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Mr. Schmidt Goes To Washington: A Look Inside Google's Lobbying Behemoth

khallow Re:google has no choice, like many others before t (110 comments)

that counts as right wing in my book

So what? Why should I care about your "book"?

I could not give a crap about the Gmail example, but the fact is that "libertarianism" in the US is just a front, funded by the likes of the Koch brothers (and others) and designed to facilitate a tax regime friendly to the richest 1% of the population. If that does not count as right wing I do not know what does.

You're right. You don't know what right wing is. Or facts for that matter. Libertarianism has been kicking around in the US since at least the end of the Second World War, long before the Koch brothers might have been a factor. It's never been a front for the rich. The ideology was developed long ago. Your "fact" is fraudulent.

Second, right wing vaguely means conservative/reactionary and someone who values social stability well over change. Libertarians are aggressive liberal on issues of personal freedom and economics even if that threatens social stability and other conservative notions. In those areas, they tend to be to the left of most leftists (aside from anarchists).

yesterday
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UN: Renewables, Nuclear Must Triple To Save Climate

khallow Re:But what is "nuclear waste" ? (421 comments)

Everyone seems to forget that half of the entire fucking nuclear power station is also "waste" - it's radioactive and damned fucking hard to get rid of.

You don't need to immediately get rid of it. Just leave it in place until it's no longer radioactive waste. And it's low grade waste too. There's a reason for the lack of drama.

yesterday
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Civilization: Beyond Earth Announced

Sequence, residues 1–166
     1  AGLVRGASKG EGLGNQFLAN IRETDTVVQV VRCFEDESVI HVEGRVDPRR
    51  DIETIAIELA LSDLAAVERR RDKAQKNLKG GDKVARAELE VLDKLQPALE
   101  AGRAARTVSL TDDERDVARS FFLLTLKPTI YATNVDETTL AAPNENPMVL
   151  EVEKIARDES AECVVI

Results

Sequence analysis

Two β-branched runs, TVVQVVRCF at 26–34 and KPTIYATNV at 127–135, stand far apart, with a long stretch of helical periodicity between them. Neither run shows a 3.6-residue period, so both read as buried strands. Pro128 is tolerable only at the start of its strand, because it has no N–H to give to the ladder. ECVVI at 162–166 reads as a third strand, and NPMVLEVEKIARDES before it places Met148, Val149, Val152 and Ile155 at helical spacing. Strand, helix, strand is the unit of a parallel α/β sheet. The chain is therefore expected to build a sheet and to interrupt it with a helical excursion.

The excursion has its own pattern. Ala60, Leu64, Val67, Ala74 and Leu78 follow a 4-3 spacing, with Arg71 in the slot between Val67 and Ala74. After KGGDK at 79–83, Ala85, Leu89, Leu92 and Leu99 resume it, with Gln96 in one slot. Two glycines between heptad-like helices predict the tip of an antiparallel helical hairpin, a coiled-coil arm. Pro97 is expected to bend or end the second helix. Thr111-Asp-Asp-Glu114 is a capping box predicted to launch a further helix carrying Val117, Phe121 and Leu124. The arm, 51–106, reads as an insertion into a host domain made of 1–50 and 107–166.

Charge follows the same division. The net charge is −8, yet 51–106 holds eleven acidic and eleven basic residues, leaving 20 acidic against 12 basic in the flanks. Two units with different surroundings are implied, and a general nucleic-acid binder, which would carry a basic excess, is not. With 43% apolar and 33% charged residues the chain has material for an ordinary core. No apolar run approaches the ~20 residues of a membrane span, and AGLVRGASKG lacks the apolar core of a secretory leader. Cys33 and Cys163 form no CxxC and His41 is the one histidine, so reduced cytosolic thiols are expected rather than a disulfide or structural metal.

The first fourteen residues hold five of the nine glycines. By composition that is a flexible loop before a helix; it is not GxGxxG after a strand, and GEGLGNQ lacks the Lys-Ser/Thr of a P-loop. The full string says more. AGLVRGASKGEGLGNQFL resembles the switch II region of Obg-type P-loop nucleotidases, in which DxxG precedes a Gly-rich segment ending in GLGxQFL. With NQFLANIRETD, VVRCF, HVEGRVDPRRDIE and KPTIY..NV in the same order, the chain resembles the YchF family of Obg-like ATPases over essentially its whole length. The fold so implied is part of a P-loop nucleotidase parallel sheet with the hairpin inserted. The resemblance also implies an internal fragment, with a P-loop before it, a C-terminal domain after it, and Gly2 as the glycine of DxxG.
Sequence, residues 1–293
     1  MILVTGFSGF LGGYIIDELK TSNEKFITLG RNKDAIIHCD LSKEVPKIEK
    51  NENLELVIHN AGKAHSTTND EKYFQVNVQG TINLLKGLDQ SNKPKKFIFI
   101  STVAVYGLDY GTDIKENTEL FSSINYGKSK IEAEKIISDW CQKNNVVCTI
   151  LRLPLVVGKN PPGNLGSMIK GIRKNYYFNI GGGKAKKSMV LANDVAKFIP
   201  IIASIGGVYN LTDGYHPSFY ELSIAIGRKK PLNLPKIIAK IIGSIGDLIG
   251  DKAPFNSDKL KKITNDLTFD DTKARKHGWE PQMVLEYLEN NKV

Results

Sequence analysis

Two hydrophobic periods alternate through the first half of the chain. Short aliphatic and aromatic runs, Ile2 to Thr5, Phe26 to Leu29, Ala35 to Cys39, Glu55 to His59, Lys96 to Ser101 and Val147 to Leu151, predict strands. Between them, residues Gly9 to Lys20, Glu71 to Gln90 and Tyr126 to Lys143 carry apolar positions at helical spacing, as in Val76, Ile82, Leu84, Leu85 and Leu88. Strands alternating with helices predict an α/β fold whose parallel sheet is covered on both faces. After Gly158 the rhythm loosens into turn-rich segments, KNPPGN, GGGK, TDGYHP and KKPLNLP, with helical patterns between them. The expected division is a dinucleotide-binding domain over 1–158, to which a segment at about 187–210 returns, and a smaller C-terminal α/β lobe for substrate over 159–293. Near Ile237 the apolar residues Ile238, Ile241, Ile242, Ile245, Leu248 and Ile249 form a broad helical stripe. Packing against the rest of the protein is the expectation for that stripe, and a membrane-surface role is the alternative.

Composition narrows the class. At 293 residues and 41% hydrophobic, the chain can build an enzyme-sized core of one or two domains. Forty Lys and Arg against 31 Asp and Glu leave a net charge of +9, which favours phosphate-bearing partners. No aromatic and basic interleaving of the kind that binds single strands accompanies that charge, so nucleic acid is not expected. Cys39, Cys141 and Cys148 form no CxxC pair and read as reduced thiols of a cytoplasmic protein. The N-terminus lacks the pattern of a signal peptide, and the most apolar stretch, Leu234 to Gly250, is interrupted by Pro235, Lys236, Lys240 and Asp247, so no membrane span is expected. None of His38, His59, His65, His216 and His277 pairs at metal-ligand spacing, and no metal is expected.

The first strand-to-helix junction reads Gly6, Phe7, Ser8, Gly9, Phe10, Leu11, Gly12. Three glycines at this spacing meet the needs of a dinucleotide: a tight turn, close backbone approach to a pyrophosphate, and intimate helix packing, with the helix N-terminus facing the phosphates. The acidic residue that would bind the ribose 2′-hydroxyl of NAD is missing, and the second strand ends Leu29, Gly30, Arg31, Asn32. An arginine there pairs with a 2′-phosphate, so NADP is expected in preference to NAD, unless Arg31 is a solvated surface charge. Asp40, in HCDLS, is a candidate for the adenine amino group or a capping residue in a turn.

khallow Re:Shut up and take my money (85 comments)

Yea, the game does play differently at higher levels. Still the AI plays dumb especially with the tactical warfare.

2 days ago
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Mr. Schmidt Goes To Washington: A Look Inside Google's Lobbying Behemoth

khallow Re:power honeypot (110 comments)

No, removing power from the democracy

I agree with raymorris. You failed from the start. The federal government is not "the democracy". In fact, taking power away from the federal government is giving it to "the democracy".

2 days ago
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Mr. Schmidt Goes To Washington: A Look Inside Google's Lobbying Behemoth

khallow Re:google has no choice, like many others before t (110 comments)

Well, I see you haven't established that the Koch brothers are actually right wing. And libertarianism != right wing (just one of the many ideologies that can't easily be shoehorned into a single sliding scale).

However, I can read the title and I know what Night Trap is, and I know that it has nothing to do with Gmail.

Which is why it was given as an example. It's a totally different example of the principle which doesn't involve Gmail at all by design.

My issue with your Gmail example is that Figueroa did not "want to ban it."

Destroying the business model is a classic political means for banning something. It's done all the time with adult video and sex product stores. The local government can zone the area so that the only place you can build such a store is well out of the way. As a result you get a lot less customers because your business is hard to get to. If that difference between a convenient and inconvenient location is enough to make the business unprofitable, then you destroyed the business's model.

2 days ago
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Cost Skyrockets For United States' Share of ITER Fusion Project

khallow Re:Stop Now (172 comments)

But the point is that these structures are essentially _tents_

And my point is that these are essentially status projects. Well, the NASA one is a reused status project. Spending a lot more money than you have to is part of the project.

The same goes for pyramid shaped objects. Nobody builds a cheap pyramid just because even though it'd be relatively easy to do with a few earthmovers and other massive construction equipment. It's, for example, a place of worship, monument to your life, and/or a giant casino. Using historical examples for price estimates would give some amusing claims. "You would need 10,000 slaves to build a pyramid."